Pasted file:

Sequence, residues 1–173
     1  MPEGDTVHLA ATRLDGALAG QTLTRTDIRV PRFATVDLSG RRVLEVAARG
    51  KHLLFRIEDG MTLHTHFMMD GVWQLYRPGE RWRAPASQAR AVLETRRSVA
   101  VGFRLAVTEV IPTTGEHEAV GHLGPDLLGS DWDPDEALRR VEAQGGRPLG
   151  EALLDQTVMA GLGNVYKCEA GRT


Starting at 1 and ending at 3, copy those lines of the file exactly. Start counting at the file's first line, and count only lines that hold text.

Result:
Sequence, residues 1–173
     1  MPEGDTVHLA ATRLDGALAG QTLTRTDIRV PRFATVDLSG RRVLEVAARG
    51  KHLLFRIEDG MTLHTHFMMD GVWQLYRPGE RWRAPASQAR AVLETRRSVA